The Lake District has become a World Heritage Site joining iconic locations such as the Taj Mahal, the Great Barrier Reef and Grand Canyon as a place of international acclaim.
Today’s announcement in Krakow has led to jubilation among 25 organisations in the Lake District National Park Partnership who had put the bid together for UNESCO recognition in the cultural landscape category.
Chairman of the Partnership, Lord Clark of Windermere, described the prestigious status as momentous and will bring great benefits for locals, visitors, tourism, businesses and farming. It now joins just over 1,000 World Heritage Sites worldwide.
Three key themes underpinned the bid for World Heritage Site status, recognising the Lake District National Park as a cultural landscape of international significance. These include world ranking examples of identity - the dramatic farmed landscape; inspiration - art, literature and love of the place. This in turn sparked the birth of conservation - people fought and invested to look after this special corner of England.
Lord Clark explained: “It is this exceptional blend which makes our Lake District so spectacularly unique and we are delighted UNESCO has agreed. A great many people have come together to make this happen and we believe the decision will have long and lasting benefits for the spectacular Lake District landscape, the 18million visitors we welcome every year and for the people who call the National Park their home.”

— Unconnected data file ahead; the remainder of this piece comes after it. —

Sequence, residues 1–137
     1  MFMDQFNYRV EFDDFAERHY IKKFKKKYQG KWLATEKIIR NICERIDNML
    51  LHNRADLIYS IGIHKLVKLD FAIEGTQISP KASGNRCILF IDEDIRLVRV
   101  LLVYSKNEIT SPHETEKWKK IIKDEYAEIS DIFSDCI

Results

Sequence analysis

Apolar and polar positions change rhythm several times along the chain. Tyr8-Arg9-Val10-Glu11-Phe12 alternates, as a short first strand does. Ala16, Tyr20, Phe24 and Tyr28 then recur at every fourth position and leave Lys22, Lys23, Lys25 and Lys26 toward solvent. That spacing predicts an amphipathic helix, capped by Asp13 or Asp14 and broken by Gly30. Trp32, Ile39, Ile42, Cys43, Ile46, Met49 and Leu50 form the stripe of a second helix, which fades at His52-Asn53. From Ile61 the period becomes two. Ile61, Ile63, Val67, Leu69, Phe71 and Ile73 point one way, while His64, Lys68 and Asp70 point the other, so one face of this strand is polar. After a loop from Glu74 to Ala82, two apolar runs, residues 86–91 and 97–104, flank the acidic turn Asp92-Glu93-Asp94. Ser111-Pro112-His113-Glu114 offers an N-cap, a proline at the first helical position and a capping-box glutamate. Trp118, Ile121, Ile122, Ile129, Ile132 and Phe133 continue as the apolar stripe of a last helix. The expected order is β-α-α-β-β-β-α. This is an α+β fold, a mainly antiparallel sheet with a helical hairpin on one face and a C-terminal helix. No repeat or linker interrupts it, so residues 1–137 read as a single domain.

Lake District National Park Chief Executive, Richard Leafe, said there was great excitement over the achievement.
Richard said: “The Lake District is an evolving landscape that has changed over time and will continue to do so. Improving landscape biodiversity and looking after our cultural heritage underpin the Partnership’s management plan which sets out how, together, we will look after the National Park as a World Heritage Site for everyone to enjoy.”
The bid was submitted by the Department for Digital, Culture, Media and Sport and Historic England as the UK’s only submission in 2016. Following the 41st UNESCO committee meeting held in Krakow, John Glen, Minister for Arts, Heritage and Tourism said:
"The Lake District is one of the UK’s most stunning and ancient landscapes and I am thrilled it has been granted World Heritage Site status. It is a unique part of the world, that combines a vibrant farming community with thousands of archaeological sites and structures that give us an amazing glimpse into our past.”
He added: "This decision will undoubtedly elevate the position of the Lake District internationally, boosting tourism and benefitting local communities and businesses."
Locals and visitors across the Lake District are being invited to celebrate the UK’s latest World Heritage Site this weekend by coming together for a Picnic in the Park! Marking the first weekend as a UNESCO World Heritage Site (15 and 16 July) lovers of the Lake District are encouraged to take a trip to their favourite picnic spot, café, garden, fell or iconic lakeside view in the National Park and share their photos using #WeAreTheLakes, which will appear on the World Heritage website. For ideas on where to go this weekend, visit lakesworldheritage.co.uk/picnic
View of Ullswater from Gowbarrow Park – this photo is included in the Lake District’s bid for World Heritage Status. The Ullswater valley is an example of a cultural landscape as it blends an ancient farmed landscape with Picturesque landscape improvement and the National Trust owns and manages a large portion of the valley. Daffodils in the woodlands around Ullswater inspired Wordsworth’s famous poem ‘I wandered lonely as a cloud’.
Copyright: Lake District National Park/Andrew Locking